• Advice: on personal injury trusts, tax and welfare benefits.
  • Coordination: with rehabilitation providers and therapists.
  • Access: to treatment and therapies not always available on the NHS.

How do patients become dehydrated?

Dehydration occurs where a person's fluid output exceeds their fluid input. For example if patients lose fluid - through prolonged vomiting or diarrhoea, or through high fevers causing sweating - they are likely to become dehydrated if that lost fluid is not replaced.

What are the signs and symptoms of dehydration?

A person with dehydration may display a number of symptoms; decreased urine output and a dry mouth are an early indication. Muscle cramps, nausea and light-headedness are also common signs. If dehydration is severe a patient may become confused and weak and may eventually fall into a coma.

Proper standards of care in residential homes and hospitals should ensure that these signs are noticed and treated quickly to prevent deterioration of the condition.

Although mild to moderate dehydration in older people may difficult to detect, it can be confirmed by simple tests to measure the level of sodium and other electrolytes in the blood. These should be carried out where dehydration is suspected.

How is dehydration treated?

Dehydration may be treated by simply ensuring a patient drinks plenty of fluid to replace that which has been lost. If a patient is too ill or weak to drink, fluids and electrolytes may be administered intravenously (IV) through a drip.

Care home staff and medical professionals have a duty of care to ensure that residents and patients are given sufficient fluids to prevent dehydration, or to rehydrate where the condition has already presented.

What happens if a patient's dehydration is left untreated?

Dehydration may lead to high concentrations of sodium in the blood, a condition known as hypernatraemia. Some drugs and hormonal conditions may also increase the level of sodium in the blood.

Patients may develop a condition known as acute kidney injury (AKI). Known as "the silent killer" it may go unnoticed by medical staff. AKI causes a loss of kidney function and can progress very quickly.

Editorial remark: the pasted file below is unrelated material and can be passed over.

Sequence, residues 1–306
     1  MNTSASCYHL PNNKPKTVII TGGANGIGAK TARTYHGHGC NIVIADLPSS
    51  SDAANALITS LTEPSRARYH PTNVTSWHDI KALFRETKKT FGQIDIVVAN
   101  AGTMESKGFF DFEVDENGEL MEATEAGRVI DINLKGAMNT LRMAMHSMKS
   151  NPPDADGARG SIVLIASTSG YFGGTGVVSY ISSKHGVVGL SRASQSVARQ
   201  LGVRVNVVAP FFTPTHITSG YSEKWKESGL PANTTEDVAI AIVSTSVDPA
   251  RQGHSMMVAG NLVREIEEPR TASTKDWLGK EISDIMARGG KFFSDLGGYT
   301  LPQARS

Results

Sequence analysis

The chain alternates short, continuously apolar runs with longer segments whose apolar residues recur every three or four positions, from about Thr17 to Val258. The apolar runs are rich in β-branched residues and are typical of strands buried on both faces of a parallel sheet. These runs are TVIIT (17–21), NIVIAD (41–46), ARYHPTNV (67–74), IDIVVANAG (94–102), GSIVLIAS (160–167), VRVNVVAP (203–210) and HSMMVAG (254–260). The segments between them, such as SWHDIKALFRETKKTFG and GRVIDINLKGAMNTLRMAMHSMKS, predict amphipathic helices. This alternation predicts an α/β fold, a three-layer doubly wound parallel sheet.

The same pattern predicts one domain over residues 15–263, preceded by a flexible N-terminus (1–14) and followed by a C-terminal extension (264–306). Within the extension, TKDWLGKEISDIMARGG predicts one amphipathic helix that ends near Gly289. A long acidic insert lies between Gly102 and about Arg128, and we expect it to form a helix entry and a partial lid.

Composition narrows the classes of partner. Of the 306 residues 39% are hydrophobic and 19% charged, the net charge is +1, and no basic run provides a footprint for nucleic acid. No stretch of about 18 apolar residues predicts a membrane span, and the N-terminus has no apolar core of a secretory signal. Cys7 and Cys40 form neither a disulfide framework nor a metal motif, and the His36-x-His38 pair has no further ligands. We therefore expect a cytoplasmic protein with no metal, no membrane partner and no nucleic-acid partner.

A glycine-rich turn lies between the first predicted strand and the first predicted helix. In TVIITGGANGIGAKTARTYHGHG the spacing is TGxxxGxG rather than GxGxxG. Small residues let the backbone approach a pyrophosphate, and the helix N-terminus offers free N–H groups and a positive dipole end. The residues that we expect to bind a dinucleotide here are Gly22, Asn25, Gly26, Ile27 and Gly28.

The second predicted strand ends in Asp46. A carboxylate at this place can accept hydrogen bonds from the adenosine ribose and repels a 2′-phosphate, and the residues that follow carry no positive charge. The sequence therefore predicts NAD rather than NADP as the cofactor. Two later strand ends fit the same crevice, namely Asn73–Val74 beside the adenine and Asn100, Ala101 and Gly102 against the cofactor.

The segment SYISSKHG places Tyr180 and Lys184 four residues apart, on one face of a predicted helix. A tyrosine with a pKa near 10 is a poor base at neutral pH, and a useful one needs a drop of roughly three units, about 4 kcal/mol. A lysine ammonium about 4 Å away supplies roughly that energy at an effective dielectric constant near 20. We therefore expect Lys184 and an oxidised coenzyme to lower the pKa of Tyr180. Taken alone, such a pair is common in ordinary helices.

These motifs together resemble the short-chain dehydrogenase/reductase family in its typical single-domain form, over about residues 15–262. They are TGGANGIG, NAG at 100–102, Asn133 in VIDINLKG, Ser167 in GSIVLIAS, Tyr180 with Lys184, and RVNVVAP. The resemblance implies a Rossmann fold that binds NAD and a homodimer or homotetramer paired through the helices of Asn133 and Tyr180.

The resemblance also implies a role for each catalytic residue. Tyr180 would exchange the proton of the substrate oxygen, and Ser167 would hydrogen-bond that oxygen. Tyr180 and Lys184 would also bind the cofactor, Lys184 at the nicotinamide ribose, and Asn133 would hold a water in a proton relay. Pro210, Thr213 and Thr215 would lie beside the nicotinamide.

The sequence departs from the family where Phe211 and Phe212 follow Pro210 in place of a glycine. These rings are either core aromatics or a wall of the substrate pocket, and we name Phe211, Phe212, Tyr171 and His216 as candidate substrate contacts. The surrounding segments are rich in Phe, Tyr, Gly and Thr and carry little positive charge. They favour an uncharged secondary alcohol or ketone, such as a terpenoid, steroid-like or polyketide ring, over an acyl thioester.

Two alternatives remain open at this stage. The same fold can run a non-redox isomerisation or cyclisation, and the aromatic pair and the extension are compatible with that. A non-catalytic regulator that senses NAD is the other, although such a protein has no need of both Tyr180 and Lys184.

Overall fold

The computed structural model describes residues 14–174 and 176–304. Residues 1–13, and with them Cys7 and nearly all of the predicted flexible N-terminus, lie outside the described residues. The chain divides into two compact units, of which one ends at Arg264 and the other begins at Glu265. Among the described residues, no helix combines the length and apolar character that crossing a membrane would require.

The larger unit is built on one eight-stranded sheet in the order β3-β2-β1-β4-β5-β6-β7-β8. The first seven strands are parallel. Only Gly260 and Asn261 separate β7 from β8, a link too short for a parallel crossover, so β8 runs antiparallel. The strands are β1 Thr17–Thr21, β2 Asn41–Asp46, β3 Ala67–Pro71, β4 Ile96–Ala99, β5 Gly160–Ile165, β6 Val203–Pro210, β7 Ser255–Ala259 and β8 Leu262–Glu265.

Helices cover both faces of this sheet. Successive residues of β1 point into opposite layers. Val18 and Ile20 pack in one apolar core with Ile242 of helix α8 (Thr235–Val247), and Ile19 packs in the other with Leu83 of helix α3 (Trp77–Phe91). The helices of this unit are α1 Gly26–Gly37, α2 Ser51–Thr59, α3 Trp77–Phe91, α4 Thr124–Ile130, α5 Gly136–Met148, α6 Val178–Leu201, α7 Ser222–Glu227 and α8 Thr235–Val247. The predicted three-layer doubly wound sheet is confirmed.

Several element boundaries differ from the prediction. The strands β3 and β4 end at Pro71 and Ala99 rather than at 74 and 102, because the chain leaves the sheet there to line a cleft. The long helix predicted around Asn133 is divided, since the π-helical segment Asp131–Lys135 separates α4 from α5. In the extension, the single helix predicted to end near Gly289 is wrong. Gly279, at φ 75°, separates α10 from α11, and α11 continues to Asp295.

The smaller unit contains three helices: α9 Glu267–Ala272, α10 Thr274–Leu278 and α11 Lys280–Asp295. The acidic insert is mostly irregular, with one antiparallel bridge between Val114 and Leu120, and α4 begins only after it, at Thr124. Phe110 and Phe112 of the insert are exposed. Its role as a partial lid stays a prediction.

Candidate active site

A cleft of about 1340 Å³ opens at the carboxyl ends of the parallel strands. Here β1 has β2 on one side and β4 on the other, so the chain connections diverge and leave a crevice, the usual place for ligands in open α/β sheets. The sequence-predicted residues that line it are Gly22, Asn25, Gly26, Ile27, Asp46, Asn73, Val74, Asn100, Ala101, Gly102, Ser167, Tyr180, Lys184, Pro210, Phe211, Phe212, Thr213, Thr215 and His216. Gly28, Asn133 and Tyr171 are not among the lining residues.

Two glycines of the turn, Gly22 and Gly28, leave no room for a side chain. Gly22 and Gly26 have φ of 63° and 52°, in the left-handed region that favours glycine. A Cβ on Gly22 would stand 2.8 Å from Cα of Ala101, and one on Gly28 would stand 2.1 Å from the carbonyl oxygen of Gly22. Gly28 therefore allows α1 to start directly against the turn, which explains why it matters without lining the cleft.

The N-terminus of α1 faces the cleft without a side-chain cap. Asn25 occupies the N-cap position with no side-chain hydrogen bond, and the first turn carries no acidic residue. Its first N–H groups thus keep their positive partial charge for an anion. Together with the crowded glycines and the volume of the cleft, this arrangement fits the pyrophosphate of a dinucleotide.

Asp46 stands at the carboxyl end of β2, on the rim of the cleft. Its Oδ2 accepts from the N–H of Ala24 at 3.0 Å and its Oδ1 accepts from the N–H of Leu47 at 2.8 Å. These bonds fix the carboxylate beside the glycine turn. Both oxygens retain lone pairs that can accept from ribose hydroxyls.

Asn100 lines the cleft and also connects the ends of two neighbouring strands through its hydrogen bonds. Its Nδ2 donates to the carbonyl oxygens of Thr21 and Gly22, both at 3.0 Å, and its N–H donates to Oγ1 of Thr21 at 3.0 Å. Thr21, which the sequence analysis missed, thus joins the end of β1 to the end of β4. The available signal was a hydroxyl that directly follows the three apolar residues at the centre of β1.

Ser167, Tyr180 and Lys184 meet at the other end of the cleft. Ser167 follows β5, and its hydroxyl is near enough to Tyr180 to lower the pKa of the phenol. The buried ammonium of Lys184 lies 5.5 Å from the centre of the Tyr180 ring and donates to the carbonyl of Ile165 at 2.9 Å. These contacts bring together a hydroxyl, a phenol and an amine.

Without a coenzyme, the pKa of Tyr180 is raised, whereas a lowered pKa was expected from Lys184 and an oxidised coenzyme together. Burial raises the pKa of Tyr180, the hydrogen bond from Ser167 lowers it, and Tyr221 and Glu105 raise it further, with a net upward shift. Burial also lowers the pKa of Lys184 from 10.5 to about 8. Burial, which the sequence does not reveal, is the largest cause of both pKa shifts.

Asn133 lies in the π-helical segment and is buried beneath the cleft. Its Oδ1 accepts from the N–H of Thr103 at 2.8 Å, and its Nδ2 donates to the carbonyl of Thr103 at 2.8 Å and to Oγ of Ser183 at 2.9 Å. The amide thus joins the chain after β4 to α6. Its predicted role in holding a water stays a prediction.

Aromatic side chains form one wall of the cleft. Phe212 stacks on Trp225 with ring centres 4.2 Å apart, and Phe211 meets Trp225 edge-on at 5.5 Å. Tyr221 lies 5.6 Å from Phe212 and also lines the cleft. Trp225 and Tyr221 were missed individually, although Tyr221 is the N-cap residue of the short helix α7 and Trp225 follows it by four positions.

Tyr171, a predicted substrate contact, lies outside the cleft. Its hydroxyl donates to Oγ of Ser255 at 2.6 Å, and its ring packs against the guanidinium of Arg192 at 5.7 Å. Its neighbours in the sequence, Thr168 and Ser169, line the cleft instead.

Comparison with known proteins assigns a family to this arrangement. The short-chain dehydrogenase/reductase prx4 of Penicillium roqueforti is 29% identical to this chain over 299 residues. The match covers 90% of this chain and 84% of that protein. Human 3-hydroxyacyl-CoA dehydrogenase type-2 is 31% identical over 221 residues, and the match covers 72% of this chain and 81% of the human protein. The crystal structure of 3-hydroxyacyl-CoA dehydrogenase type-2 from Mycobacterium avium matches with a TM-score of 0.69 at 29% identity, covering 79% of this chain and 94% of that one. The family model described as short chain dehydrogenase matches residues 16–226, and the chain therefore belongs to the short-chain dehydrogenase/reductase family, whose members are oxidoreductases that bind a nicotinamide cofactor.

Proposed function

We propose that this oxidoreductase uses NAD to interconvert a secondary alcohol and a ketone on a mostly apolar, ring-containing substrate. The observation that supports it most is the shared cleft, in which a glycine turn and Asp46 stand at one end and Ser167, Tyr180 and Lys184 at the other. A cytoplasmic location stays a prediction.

Although older people are particularly vulnerable, younger patients may also be affected, with one in 25 of all hospital inpatients under the age of 40 developing the condition.

Patients who survive AKI may be left with permanent health problems and the risk of developing chronic kidney disease. Around 5-10% of patients never regain full renal function, and may require lifelong dialysis or a kidney transplant.

Can I claim for medical negligence?

Whether in a care home, NHS or private hospital, keeping patients hydrated is the most basic requirement of good healthcare practice.

If that basic care has fallen below standard and resulted in the patient becoming ill through dehydration, then a claim may be brought for medical negligence.

How does no win, no fee work?

No win, no fee means that your solicitor will not charge you anything if your hospital dehydration claim is unsuccessful. 'No win, no fee' is also known as a 'Conditional Fee Agreement' or 'CFA'.

No win, no fee guarantee

If you have been injured and someone else was to blame (even partially), our no win, no fee guarantee takes the risk out of making a hospital dehydration injury compensation claim.

What do I pay if I win my hospital dehydration claim?